Create and apply real-world events, that might happen in production. In this step, we want to test our hypothesis in step #2, hence we intentionally create events that we assume should have an effect on the system. Shut down servers randomly, disconnect storage, add latency to network traffic, overload the CPUs, and so on.
  4. Observe the analyze the results of the previous step
    Compare the steady-state metrics and system behavior from step 1 with step 3. You can various tools to get and analyze the metrics (Cloudwatch, Kibana, and the like).
    If there is a difference between how we assumed the application will behave and how it actually behaved, then this could be a candidate to introduce improvements to the application to protect against the event that caused this behavior.
    for example, when there was a network disconnect for 5 seconds in service X, the incoming requests rate failing with HTTP 500’s reached 95%, basically causing the service X to be almost completely unavailable and unusable.

Advanced Principles:

  • Build a Hypothesis around Steady State Behavior
    When creating the hypothesis, focus on measurable metrics. Metrics like error rate, network latency, responsiveness, etc..
  • Vary Real-world Events.
    Make the events are close to real-life as possible and do not “stick” to the same events over and over again. This principle encourages making unknown variables as close to real-life events as possible.
  • Run Experiments in Production.
    Yes, production.
    Not some dev environment, not a test, but a real-life production environment serving customers.
    Why? you want to experiment in production since that is the “real” system. If you perform chaos experiments only during staging or integration, you cannot get a real picture of how the system in production behaves. Of course, you should do this step only after having done enough rounds of chaos in dev/test environment, and you are ready to move to the next phase.
  • Automate Experiments to Run Continuously
    You want to automate our experiments to run continuously or be executed as part of the CD pipelines. This could mean every few hours, every day, week, or every time some event is happening in the system.
    You should also run experiments every time you are deploying a new release.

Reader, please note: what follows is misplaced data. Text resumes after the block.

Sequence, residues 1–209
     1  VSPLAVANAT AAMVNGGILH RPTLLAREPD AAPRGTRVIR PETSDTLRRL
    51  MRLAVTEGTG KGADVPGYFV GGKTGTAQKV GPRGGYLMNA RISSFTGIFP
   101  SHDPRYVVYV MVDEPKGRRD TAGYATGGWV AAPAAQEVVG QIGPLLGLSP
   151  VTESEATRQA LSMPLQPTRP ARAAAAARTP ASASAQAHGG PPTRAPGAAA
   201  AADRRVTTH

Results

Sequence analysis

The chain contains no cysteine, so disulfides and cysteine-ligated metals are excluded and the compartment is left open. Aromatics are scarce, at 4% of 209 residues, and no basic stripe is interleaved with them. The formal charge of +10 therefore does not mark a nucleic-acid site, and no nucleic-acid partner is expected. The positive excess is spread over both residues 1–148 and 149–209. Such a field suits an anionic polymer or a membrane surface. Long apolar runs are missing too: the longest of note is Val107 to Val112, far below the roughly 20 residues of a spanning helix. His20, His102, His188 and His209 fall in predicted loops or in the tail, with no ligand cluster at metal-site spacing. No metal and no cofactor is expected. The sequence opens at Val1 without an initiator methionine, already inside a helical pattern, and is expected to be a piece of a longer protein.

• Minimize Blast Radius
    You should make the experiment’s blast radius smaller. Starting small and expanding as you gain confidence in a system are the best approaches when conducting chaos experiments. You should eventually conduct experiments on the entire system

Chaos Engineering Tools

 Chaos engineering is becoming an increasingly popular approach to proactively identifying and addressing potential issues in complex systems, and the right tools can make all the difference in implementing this approach effectively.

Let’s take a look at some of the popular Chaos Engineering tools, commercial and open-source.


Platform: Kubernetes
License: Open-source

Chaos Mesh is an open-source Chaos Engineering tool designed to help users simulate and identify potential failures in distributed systems. Developed by the team at PingCAP, Chaos Mesh offers a comprehensive set of features that allow users to orchestrate and control chaos experiments across a wide range of system components, including network connections, disk I/O, and CPU performance.

Chaos Mesh offers a broad range of features that can address various faults that may arise in a distributed system.

Some of the features it offers are:

  1. Network partition: to simulate network failures and partition scenarios.
  2. Pod and container killing: to test the system’s resilience against unexpected pod and container failures.
  3. CPU and memory stress: to observe how the system behaves under resource pressure.
  4. Kernel chaos: to simulate kernel-level faults, such as kernel panics and I/O errors.
  5. DNS chaos: to simulate DNS failures and test the system’s fault tolerance.
  6. Filesystem chaos: to test how the system handles file system errors and data corruption.

More information on Chaos Mesh is available at A Powerful Chaos Engineering Platform for Kubernetes | Chaos Mesh (

Litmus Chaos

Platform: Kubernetes
License: Open-source, Apache 2.0

Litmus offers a wide range of fault libraries to test containers, hosts, and various platforms such as Amazon EC2, Apache Kafka, and Azure. The tool includes a user-friendly web interface called ChaosCenter, a publicly available repository of experiments called ChaosHub, and can be easily installed via the official Helm Chart. Although Litmus is open-source, the project is owned by Harness.

Feature Highlights (Part of Chaos Center):

  • Chaos Scenario Creation: providing a rich feature set on the creation of scenarios, templating, scheduled tests, and more.
  • Users and Teams: User creation and management, permissions, and authentication.